When President Obama launched his Twitter account in May, people noticed his rapid accumulation of followers, a silly back-and-forth with President Clinton, but also something more serious: the number of hostile and threatening messages directed at the president.
Sifting through those messages to determine which, if any, need to be taken seriously is the responsibility of the Secret Service Internet Threat Desk, a group of agents tasked with identifying and assessing online threats to the president and his family. The first part of this mission—finding threats—is in many ways made easier by the Internet: all you have to do is search! Pulling up every tweet which uses the words “Obama” and “assassinate” takes mere seconds, and the Secret Service has tried to make it easier for people to draw threats to its attention by setting up its own Twitter handle, @secretservice, for users to report threatening messages to.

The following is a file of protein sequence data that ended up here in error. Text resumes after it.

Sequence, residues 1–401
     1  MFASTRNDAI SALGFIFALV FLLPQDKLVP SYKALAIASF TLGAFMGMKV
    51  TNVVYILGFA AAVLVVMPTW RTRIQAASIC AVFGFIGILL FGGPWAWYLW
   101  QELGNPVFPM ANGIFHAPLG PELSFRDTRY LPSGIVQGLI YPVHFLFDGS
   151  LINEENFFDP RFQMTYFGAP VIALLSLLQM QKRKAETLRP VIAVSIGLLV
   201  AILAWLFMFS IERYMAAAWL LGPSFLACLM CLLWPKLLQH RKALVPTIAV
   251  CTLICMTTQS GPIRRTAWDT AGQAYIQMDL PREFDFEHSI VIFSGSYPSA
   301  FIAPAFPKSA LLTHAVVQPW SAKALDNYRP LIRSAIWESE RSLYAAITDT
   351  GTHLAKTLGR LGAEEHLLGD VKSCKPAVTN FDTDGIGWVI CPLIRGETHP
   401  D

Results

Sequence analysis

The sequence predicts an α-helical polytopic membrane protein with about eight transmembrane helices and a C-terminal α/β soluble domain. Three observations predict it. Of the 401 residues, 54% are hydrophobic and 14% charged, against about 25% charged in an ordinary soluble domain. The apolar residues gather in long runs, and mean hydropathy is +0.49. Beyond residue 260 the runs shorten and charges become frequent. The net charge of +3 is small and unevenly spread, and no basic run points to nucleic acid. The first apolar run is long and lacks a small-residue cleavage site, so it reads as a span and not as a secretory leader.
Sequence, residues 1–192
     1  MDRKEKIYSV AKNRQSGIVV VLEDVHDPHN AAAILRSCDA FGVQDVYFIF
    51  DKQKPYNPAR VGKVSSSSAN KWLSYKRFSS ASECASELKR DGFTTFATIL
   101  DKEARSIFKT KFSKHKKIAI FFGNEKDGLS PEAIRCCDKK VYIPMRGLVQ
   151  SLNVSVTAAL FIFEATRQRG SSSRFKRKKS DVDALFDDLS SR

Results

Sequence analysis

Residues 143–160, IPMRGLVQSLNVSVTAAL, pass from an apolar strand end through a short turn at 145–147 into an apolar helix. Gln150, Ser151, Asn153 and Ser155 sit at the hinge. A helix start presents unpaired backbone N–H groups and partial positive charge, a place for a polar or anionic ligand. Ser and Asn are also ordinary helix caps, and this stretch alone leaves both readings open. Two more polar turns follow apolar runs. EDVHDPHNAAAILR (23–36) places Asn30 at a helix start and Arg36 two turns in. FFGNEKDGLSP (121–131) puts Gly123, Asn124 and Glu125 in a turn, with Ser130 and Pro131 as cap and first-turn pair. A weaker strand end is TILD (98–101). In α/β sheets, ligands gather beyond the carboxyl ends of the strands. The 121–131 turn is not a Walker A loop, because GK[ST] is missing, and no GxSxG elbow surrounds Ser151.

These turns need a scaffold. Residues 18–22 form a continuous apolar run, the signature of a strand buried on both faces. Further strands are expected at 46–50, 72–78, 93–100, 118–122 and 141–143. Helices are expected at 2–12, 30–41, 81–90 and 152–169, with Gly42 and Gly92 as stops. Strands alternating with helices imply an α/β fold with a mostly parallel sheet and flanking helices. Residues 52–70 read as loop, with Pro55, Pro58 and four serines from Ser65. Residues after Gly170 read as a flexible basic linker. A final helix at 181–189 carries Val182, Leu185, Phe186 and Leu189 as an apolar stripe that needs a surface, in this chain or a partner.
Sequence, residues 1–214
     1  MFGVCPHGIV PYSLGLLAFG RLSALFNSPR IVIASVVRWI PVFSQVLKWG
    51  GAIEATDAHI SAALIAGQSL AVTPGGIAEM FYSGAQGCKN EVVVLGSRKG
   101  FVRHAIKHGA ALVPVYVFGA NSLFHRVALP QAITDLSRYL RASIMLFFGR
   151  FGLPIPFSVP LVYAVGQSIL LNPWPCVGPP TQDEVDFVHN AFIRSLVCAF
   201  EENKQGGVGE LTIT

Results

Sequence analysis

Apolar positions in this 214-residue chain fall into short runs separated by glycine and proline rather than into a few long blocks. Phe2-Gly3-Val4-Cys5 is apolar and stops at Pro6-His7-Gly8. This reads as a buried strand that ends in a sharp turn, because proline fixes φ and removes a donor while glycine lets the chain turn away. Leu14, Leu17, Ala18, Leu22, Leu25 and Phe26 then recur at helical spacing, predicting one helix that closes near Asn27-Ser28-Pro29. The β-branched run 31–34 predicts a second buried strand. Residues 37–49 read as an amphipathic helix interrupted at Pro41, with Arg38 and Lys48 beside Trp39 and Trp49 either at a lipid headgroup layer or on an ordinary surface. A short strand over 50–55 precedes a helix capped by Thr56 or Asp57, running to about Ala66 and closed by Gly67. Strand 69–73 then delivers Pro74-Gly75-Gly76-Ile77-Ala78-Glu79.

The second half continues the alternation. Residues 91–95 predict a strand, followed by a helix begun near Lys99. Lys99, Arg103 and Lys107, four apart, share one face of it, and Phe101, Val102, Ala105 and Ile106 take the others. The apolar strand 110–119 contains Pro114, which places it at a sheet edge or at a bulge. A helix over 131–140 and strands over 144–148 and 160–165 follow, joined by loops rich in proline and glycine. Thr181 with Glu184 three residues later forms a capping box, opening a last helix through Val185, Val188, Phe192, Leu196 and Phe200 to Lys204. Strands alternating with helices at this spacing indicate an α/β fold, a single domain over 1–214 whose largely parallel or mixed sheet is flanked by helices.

But if the Internet makes it easier to find threats directed at the president, it can also make it harder to figure out which ones should be taken seriously. The sheer volume of threatening messages online, the lack of context, and the ease with which users can shield their identities all contribute to the challenges of assessing online threats. One series of tweets addressed to @POTUS that caught the Secret Service’s attention—at least enough to warrant an in-person visit from an agent—came from a user with the handle @jeffgully49 and included a picture showing a doctored version of the president’s campaign posters with his head in a noose and the word “HOPE” changed to “ROPE.” The messages were apparently posted by Jeff Gullickson of Plymouth, Minnesota, who was later visited at his home by a Secret Service agent. “The agent from the secret service was cordial,” Gullickson wrote in an email to MPR News, adding that the agent just wanted to be sure his tweets were not serious threats.